Iceland Travel Guide

64° 06′ 22″ N, 21° 56′ 17″ O

Iceland in a few words...

The interior of Iceland is a plateau, characterized by its lava fields, glaciers and mountains that feed numerous rivers and some of the most impressive waterfalls in the world. Although it sits just outside the arctic circle, the island is temperate thanks to the warming effects of the gulf stream. More than two thirds of the islands 364,000 inhabitants live in or around the capital city of Reykjavik, leaving the vast majority of the island as pure untouched and uninhabited wilderness.

For lovers of remote, wide open spaces, it doesn’t get any better than an Icelandic adventure.

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Traveling through this wild environment is to go back to the time when life was just emerging on the surface of the earth. The Icelandic land bubbles up and gives rise to geysers and molten lava, fluorescent grass and ash-black earth. Join us as we journey through this ever changing island where Viking myths meet multi coloured mountains.

Highlights in Iceland

orcas in Iceland, whalewatching

The Eastern Fjords

This remote region of Iceland offers magnificent scenery and above all, complete solitude, for even today few tourists venture deep into the fjords of the eastern coast of the island.

Hikers on the Laugavegur trail


Landmannalaugar is located at the foot of the Torfajökull massif, in the Icelandic Highlands. Volcanic activity has forged reddish craters, rhyolite mountains, valleys and ash fields alongside deep blue lakes, making this region one of Iceland's most spectacular. The Laugavegur Trail that passes through this region is Iceland's most famous trek.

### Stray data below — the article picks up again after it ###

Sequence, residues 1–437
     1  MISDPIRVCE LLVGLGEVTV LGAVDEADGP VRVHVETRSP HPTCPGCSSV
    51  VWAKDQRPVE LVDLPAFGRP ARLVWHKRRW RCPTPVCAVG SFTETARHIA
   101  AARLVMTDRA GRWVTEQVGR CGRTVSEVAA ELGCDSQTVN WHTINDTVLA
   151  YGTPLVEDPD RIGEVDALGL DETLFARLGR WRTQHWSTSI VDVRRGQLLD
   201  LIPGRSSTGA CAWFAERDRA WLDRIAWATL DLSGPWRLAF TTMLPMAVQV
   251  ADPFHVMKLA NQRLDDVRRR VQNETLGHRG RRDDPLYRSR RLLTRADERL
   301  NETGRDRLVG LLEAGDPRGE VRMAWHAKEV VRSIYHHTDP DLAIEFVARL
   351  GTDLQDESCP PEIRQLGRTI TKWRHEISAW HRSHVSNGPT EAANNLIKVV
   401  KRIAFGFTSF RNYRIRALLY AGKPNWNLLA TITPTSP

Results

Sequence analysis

Aurora borealis in Kirkjufell, Iceland


Located on the remote Snaefellsness peninsula north of Reykjavik, Kirkjufell is a distinctive "fin" shaped mountain that is a landscape photographers dream. The shapely peak and nearby waterfall of the same name have become iconic of wild and untouched Iceland.

Solfar Reykjavik


The capital city of Iceland is home to the National Museum and Saga Museum where guests can learn about the islands Viking history. There is also striking architecture and superb food!



Located on Iceland's rugged southern coastline, the town of Vik is famous for its black sand beaches and striking basalt rock formations, well worth a visit if you are passing through on Route No1.

Blue Lagoon

The Blue Lagoon

The Blue Lagoon is a geothermal spa located on the Reykjanes Peninsula not far from Keflavik airport. The hot, milky coloured water is a stark contrast to the black lava rock that surrounds it. The perfect place to relax tired muscles after a long trek.

Gullfoss waterfall


Huge, powerful double waterfall located not far from Reykjavik and forming part of the Golden Triangle of must see locations.



Skaftafell is a wilderness area and part of the Vatnajokull National Park. The Alpine scenery of cascading glaciers is stunning and you can strap on crampons to hike over the glacier and explore caves of blue ice.

Puffin on top of Latrabjag cliffs, the most western point of Europe


The cliffs of Latrabjarg are the westernmost point of Europe and the highest sea cliffs in all Iceland. The vertical rock walls are home to thousands of sea birds including puffins and little penguins.


Lake Myvatn

The area around Lake Myvatn is literally bubbling with volcanic activity. Pools of boiling mud, steam vents and lava fields can all be explored here.

Husavik city in Iceland


The charming town of Husavik on the north coast of Iceland is a great place to take a whale watching tour or just soak up the beautiful scenery.

Your destination in pictures